With all the testing of imaging systems over the last few months, it's ages since I actually looked through my Celestron C8 telescope - so last night I decided to have a go (it was too gusty to do any imaging anyway).
I'd borrowed the weighty BAS Astro-Tech Titan 38mm eyepiece to try, and found that it was so heavy I had to re-balance my scope tube on the mount!
I set up my tripod near the bottom of the garden, so that I could see over the house towards Orion, and called up the Last Alignment on my Celestron CG5-AGT mount. Then after I'd Sync-ed to Betelgeuse, I had the M42 Mebula in view. Although this eyepiece has around the same field-of-view on my f/10 'scope as my 26mm with the f/6.3 focal-reducer, the view seemed much more spectacular through this "large window"! The trapezium stars were pin-sharp and there was a fair amount of nebula visible even through the considerable light-pollution.
Next I had a look at Jupiter, and ended up using my 20mm eyepiece to get the best view (it wasn't as sharp with my 10mm).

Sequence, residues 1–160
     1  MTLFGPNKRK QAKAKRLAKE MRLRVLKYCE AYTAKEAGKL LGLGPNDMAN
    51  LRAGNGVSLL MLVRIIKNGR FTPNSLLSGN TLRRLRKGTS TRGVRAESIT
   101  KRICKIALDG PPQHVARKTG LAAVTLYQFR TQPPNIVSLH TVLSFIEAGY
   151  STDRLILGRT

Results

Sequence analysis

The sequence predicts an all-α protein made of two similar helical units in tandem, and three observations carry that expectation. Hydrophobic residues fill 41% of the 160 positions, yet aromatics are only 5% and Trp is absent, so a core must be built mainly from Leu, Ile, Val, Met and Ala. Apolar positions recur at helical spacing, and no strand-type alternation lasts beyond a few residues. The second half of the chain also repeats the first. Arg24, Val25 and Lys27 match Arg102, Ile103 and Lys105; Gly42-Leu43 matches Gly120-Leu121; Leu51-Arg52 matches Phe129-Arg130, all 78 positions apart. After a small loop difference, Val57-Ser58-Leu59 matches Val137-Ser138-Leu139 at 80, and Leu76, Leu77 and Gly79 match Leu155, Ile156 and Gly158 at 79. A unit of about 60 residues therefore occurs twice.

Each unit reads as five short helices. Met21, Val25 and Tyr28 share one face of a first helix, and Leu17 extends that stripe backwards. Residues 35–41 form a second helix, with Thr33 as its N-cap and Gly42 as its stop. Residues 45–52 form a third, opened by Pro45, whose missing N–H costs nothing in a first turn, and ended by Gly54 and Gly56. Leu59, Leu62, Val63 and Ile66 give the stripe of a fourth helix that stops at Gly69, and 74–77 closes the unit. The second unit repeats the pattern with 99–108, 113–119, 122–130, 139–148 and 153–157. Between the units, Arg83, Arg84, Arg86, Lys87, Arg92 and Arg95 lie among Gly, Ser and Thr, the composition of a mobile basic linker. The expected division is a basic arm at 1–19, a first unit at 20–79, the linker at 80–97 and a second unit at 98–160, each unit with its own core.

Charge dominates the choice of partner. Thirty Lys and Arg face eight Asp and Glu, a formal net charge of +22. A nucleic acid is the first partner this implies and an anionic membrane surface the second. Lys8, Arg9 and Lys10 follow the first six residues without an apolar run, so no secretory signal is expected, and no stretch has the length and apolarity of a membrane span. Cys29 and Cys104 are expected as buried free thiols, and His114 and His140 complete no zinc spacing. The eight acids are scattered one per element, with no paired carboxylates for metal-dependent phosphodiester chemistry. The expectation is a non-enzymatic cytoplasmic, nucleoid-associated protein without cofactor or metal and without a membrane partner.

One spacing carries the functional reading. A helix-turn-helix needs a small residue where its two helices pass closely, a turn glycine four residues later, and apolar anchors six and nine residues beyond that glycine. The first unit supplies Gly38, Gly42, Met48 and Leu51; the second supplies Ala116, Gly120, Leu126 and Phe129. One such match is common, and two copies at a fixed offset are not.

I then went back to the Titan eyepiece and had a look for the Crab Nebula (M1), but I could only make out a vague fuzzy shape.
Next I had a look at some open clusters: M35, 36, 37 & 38, which all look best in a field wide enough to show some "empty space" around them.
Ursa Major was hidden by the trees, but the M81 & 82 galaxies were high in the sky, and I was able to fit them both in the field of view of the big eyepiece.
Then moving round to the West, I had a look a the Double Cluster (always spectacular in a wide-field) and the M31 & 32 galaxies in Andromeda. I also had a look at the colourful double-star Gamma Andromedae (as illustrated in the recent BBC Stargazing Live programme).
I was getting quite cold by then, but still had enough enthusisam left to fit my Orion broadband LPR filter and try looking through that - it does give all the stars a "blue rinse", but certainly takes down the sky background (from orange to black!) to give better contrast. With this fitted, I could see rather more of the M42 nebula and could make out the M1 supernova remnant properly too.
I also saw a couple of meteors - caught one out of the corner of my eye as it flashed through Gemini, and then later whilst I was observing the Orion nebula through the telescope, one streaked through my field of view!
Then I'd packed away and got indoors in time to catch a call from Dean, enthusing about the tracking performance of his C8 on its mini-pier!
Blog the previous nights viewing. Link to images on the gallery or simply describe what you observed the night before. Leave the technical and howto in another forum.
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